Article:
You may think I have just knocked the props out from under the Christian message. But I assure you that St. Paul, writing to the Corinthians the passage you heard this morning, would think that the little story I just told summing up the Christian faith was weird indeed. To be sure, if it is only for this life and this world that we set our hope on Christ, we are pitiful. But for Paul, resurrection is not just something that opens up everlasting life for us; it is a reality that completely alters the way we live now. When he says that “in Adam all die,” he is talking about the very world that keeps urging us to seek the living among the dead, to chase after foolish goals, mistaking the real for the convenient, swapping the spiritual for the ego-driven. And when he says, “…in Christ all shall be made alive,” he is talking not only about eternal life, but about a daily living in a reality that Christ’s death and resurrection has inaugurated—a new relationship with God and with others. In other words, once you get straight about how the resurrection impacts you in this life, then you can begin to see how the wall between this life and the life to come has been knocked down.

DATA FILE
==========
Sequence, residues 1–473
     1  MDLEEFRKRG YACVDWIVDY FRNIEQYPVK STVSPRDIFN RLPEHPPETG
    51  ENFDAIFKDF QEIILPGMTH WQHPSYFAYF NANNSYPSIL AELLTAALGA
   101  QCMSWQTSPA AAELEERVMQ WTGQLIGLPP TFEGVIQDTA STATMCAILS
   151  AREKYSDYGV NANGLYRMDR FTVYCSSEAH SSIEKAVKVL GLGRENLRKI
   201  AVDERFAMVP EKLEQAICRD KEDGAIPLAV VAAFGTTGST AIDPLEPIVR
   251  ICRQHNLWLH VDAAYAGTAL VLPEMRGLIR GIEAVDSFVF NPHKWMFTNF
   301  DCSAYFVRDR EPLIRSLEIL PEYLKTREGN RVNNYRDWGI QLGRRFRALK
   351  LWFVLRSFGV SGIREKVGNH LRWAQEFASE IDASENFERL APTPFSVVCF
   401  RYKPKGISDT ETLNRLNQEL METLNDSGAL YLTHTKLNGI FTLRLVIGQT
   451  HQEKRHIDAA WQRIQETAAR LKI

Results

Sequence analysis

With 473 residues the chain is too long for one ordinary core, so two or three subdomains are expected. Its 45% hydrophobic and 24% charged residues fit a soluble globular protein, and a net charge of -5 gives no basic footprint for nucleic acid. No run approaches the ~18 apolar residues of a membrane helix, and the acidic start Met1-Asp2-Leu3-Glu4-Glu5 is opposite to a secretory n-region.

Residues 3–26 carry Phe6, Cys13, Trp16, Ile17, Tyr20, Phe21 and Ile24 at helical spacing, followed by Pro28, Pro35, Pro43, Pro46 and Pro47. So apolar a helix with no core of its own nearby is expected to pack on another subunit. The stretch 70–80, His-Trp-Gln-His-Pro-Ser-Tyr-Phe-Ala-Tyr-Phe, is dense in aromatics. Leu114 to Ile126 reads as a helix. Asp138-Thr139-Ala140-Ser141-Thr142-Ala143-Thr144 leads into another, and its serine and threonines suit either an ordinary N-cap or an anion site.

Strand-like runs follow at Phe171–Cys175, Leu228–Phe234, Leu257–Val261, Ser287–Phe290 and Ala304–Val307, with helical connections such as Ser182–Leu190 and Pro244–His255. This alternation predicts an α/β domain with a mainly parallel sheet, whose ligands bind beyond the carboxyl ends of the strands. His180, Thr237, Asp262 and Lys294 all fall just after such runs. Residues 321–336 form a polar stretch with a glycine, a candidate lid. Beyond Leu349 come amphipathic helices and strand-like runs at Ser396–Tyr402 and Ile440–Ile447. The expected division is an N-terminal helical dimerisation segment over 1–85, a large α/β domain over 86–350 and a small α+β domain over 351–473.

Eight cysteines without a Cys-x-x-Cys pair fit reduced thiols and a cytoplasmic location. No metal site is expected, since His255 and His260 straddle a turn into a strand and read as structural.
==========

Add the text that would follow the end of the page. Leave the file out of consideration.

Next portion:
Sometimes we call Sundays “little Easters.” Beyond the obvious connection—celebrating the resurrection on the first day of the week—I yearn for the day when every time we unpack the gospel, no matter what the subject, we will see that it has everything to do with resurrection. Resurrection is not the last chapter of Jesus’ life, and certainly not an appendix to his teaching. It is his whole life—feeding, healing, forgiving, loving, praying, having dinner with the outcasts and the pariahs of society, teaching, washing, and even dying. After they have asked, “Why do you seek the living among the dead?” the two men tell the women to recall how Jesus had said that he would be handed over, crucified, and on the third day rise again. If the women indeed recalled that, they might have remembered that it was then and there that Jesus had also said, “If any want to become my followers, let them deny themselves and take up their cross daily and follow me. For those who want to save their life will lose it, and those who lose their life for my sake will save it. What does it profit them if they gain the whole world, but lose or forfeit themselves?” (Luke 9:23-25)